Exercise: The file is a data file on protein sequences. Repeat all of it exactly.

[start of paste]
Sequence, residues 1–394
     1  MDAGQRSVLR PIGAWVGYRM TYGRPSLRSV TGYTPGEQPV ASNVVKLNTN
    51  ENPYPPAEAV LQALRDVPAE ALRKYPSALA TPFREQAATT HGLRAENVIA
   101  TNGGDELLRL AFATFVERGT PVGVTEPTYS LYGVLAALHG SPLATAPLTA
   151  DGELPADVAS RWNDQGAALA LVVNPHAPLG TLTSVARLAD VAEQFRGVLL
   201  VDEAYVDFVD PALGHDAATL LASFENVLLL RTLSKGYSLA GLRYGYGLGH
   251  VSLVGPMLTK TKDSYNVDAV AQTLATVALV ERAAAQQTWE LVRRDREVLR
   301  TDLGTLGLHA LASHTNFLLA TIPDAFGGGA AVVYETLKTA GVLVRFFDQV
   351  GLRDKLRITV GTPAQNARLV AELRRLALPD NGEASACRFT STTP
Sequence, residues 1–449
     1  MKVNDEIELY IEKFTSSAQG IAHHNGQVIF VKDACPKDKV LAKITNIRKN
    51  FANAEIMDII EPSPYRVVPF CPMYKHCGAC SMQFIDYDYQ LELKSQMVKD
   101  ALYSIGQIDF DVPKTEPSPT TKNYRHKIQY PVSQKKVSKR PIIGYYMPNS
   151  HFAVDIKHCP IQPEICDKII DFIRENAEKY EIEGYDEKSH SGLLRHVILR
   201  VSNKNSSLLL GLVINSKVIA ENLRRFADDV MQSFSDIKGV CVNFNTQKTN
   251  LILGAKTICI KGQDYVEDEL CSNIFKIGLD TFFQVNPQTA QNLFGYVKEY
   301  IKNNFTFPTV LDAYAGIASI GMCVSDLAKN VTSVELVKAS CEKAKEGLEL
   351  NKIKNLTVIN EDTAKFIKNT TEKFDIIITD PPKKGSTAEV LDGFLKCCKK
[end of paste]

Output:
Sequence, residues 1–394
     1  MDAGQRSVLR PIGAWVGYRM TYGRPSLRSV TGYTPGEQPV ASNVVKLNTN
    51  ENPYPPAEAV LQALRDVPAE ALRKYPSALA TPFREQAATT HGLRAENVIA
   101  TNGGDELLRL AFATFVERGT PVGVTEPTYS LYGVLAALHG SPLATAPLTA
   151  DGELPADVAS RWNDQGAALA LVVNPHAPLG TLTSVARLAD VAEQFRGVLL
   201  VDEAYVDFVD PALGHDAATL LASFENVLLL RTLSKGYSLA GLRYGYGLGH
   251  VSLVGPMLTK TKDSYNVDAV AQTLATVALV ERAAAQQTWE LVRRDREVLR
   301  TDLGTLGLHA LASHTNFLLA TIPDAFGGGA AVVYETLKTA GVLVRFFDQV
   351  GLRDKLRITV GTPAQNARLV AELRRLALPD NGEASACRFT STTP
Sequence, residues 1–449
     1  MKVNDEIELY IEKFTSSAQG IAHHNGQVIF VKDACPKDKV LAKITNIRKN
    51  FANAEIMDII EPSPYRVVPF CPMYKHCGAC SMQFIDYDYQ LELKSQMVKD
   101  ALYSIGQIDF DVPKTEPSPT TKNYRHKIQY PVSQKKVSKR PIIGYYMPNS
   151  HFAVDIKHCP IQPEICDKII DFIRENAEKY EIEGYDEKSH SGLLRHVILR
   201  VSNKNSSLLL GLVINSKVIA ENLRRFADDV MQSFSDIKGV CVNFNTQKTN
   251  LILGAKTICI KGQDYVEDEL CSNIFKIGLD TFFQVNPQTA QNLFGYVKEY
   301  IKNNFTFPTV LDAYAGIASI GMCVSDLAKN VTSVELVKAS CEKAKEGLEL
   351  NKIKNLTVIN EDTAKFIKNT TEKFDIIITD PPKKGSTAEV LDGFLKCCKK